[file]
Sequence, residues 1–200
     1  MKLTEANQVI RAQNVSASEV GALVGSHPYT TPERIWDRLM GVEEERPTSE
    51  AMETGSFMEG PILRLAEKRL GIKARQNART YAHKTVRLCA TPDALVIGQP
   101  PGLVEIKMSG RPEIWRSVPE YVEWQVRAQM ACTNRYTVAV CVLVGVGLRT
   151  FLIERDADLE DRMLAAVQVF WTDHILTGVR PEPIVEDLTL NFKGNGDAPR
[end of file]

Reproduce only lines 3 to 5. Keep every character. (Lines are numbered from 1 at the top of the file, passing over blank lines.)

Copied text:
    51  AMETGSFMEG PILRLAEKRL GIKARQNART YAHKTVRLCA TPDALVIGQP
   101  PGLVEIKMSG RPEIWRSVPE YVEWQVRAQM ACTNRYTVAV CVLVGVGLRT
   151  FLIERDADLE DRMLAAVQVF WTDHILTGVR PEPIVEDLTL NFKGNGDAPR